Implement Neighborhood Collector Function

Cornell Road is being misused as a de facto regional arterial between Miller Road and NW 25th Avenue, with high commuter traffic volumes and speeds. Yet the road is classified as a “Neighborhood Collector.” A Neighborhood Collector functional classification would mean a reorientation of lower Cornell Road towards local access between adjacent neighborhoods, rather than a focus on commuter traffic. We believe this will reduce traffic volume, reduce vehicle speeds, and create gaps in traffic to allow safer local usage.

The City of Portland classifies Cornell Road as a Neighborhood Collector. Neighborhood Collectors are intended to serve as distributors of traffic from Major City Traffic Streets or District Collectors to Local Service Streets and to serve trips that both start and end within areas bounded by Major City Traffic Streets and District Collectors.” “Some Neighborhood Collectors may have a regional function, either alone or in concert with other nearby parallel collectors. All Neighborhood Collectors should be designed to operate as neighborhood streets rather than as regional arterials.” “They are not intended to be major ‘through routes’ from one side of the City to another.”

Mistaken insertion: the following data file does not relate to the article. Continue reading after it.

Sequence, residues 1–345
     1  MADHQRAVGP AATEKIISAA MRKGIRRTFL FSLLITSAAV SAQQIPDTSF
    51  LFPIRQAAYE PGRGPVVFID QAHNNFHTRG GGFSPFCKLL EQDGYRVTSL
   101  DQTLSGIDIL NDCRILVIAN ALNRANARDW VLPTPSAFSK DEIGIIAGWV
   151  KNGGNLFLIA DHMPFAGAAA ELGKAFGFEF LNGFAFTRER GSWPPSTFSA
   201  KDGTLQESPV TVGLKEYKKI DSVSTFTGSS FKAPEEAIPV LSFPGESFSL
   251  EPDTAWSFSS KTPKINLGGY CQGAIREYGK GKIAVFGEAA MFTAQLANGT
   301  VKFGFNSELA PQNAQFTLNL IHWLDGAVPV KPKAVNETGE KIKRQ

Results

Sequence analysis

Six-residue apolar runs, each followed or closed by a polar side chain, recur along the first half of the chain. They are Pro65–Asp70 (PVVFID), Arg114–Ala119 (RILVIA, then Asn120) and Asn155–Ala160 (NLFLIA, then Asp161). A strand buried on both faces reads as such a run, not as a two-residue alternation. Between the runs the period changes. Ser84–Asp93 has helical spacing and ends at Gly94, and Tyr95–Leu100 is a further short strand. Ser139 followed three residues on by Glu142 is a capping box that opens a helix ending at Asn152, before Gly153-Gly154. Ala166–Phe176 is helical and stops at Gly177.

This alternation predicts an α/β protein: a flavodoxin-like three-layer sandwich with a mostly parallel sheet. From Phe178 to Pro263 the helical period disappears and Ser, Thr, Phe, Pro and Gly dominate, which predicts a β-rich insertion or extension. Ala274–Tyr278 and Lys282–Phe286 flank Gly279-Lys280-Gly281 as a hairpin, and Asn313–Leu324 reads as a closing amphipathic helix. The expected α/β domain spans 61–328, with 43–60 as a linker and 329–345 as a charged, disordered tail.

What are your experiences or thoughts regarding this particular recommendation?

There are 2 comments .

Jeff Douglas —

Need to develop area to maximize use of public transportation, not cars. This project will only benefit the construction companies and will have no benefit to the surrounding communities. It will make the traffic and pollution worse. Make the construction companies pay for bringing the MAX line onto Cornell.

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Peter Stark —

Jeff, wow, Max on Cornel would be something, maybe streetcar would be more appropriate. However both are a long shot. Having said that your suggestion is a good one. Part of the draft plan intends to work with TriMet to get a bus line on Cornell to support the four neighborhoods along it’s path. Certainly Audubon could benefit from a bus as well. Peter

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